2. Test the glowstick before diving: Ensure the glowstick is functioning correctly before entering the water. For chemiluminescent glowsticks, ensure the inner barrier is intact, and for LED glowsticks, check that the batteries are charged and the bulb is working.
  3. Attach the glowstick securely: Use clips, straps, or bands to fasten the glowstick to the diver’s gear, tank, or wrist, ensuring it does not interfere with diving equipment or become entangled with marine life.
  4. Follow local regulations: Some diving locations may have specific rules or guidelines regarding the use of glowsticks or other light sources. Always adhere to local regulations to protect marine ecosystems and ensure the safety of all divers.
  5. Practice responsible disposal: After use, dispose of chemiluminescent glowsticks in designated waste containers onshore or bring them back to the surface for proper disposal. For LED glowsticks, remove the batteries and recycle them according to local regulations.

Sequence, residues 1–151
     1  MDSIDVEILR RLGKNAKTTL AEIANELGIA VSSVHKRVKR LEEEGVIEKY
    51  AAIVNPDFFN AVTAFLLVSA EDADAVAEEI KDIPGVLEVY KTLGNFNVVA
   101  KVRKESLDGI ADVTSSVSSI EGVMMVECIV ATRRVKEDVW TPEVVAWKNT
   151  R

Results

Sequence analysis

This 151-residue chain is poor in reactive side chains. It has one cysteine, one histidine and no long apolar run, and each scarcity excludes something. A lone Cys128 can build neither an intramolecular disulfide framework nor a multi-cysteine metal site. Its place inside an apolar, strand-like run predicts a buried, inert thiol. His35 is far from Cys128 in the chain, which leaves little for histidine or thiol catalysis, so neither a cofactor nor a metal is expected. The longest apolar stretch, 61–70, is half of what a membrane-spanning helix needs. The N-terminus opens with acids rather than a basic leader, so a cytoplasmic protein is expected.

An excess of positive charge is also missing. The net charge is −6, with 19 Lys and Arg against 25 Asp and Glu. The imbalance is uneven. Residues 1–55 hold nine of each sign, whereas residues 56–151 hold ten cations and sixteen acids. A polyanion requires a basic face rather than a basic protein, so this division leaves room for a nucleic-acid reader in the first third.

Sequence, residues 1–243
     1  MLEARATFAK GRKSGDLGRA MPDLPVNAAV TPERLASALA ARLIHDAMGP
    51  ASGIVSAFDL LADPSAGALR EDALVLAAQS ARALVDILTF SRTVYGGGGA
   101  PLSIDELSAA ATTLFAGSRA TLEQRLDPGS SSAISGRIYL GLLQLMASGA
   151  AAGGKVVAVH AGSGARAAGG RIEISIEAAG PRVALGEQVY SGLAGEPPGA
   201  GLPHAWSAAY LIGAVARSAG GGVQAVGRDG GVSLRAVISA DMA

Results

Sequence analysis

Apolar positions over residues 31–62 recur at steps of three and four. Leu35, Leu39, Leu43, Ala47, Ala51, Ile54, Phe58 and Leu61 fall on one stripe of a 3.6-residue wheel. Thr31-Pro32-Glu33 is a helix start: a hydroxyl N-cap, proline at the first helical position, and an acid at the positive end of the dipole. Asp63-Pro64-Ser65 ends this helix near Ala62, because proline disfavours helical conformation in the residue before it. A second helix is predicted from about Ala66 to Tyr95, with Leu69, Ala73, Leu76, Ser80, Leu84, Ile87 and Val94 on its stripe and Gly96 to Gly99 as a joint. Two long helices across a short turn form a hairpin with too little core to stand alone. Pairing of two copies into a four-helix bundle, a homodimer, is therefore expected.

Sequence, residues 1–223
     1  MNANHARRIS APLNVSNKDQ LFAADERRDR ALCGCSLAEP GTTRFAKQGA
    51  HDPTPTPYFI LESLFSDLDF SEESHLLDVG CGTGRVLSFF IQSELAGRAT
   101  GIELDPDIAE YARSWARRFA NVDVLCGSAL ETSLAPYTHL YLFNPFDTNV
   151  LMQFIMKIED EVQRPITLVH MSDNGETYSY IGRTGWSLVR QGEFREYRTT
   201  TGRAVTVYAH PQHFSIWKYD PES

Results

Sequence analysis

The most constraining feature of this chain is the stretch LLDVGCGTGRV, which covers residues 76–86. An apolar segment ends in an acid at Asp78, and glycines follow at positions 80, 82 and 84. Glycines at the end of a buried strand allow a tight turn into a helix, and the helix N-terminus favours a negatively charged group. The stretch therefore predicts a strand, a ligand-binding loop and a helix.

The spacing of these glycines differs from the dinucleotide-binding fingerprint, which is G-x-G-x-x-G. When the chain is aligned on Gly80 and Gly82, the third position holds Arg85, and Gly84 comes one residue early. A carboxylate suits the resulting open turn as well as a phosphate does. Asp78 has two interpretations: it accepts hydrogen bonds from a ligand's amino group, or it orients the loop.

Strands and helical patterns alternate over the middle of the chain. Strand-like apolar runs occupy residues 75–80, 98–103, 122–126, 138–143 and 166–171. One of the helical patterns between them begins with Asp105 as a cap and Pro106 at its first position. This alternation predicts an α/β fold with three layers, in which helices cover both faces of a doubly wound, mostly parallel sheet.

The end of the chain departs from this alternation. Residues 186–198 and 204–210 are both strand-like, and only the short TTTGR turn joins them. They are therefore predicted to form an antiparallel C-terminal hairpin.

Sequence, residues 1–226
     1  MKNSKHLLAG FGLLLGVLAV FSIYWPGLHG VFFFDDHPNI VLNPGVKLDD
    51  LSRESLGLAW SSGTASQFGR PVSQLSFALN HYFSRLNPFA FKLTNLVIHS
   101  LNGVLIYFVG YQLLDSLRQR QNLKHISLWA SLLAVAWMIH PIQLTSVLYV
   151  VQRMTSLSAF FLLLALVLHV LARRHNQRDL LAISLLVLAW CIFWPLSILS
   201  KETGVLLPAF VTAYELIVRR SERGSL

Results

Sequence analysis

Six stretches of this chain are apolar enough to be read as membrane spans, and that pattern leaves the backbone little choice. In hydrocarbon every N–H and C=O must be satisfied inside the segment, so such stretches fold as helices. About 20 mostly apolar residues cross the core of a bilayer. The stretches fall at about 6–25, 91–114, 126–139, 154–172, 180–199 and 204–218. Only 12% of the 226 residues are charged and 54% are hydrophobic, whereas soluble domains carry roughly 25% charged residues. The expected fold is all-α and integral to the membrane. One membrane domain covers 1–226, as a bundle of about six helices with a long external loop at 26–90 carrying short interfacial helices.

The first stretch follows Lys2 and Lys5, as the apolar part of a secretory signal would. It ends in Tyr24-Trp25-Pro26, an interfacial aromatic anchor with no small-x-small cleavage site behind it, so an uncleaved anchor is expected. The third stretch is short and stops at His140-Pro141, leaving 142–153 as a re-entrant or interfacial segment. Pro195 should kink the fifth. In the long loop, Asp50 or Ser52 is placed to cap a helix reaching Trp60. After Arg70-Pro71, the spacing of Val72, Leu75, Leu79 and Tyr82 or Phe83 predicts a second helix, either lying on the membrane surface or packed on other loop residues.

Glowsticks have become an indispensable tool for scuba divers, offering a reliable and versatile source of light for various underwater activities. With their numerous applications in safety, communication, and exploration, glowsticks contribute to the overall diving experience and help create unforgettable memories. By choosing the right type of glowstick and using it responsibly, divers can continue to enjoy the benefits of this illuminating companion while minimizing their environmental impact.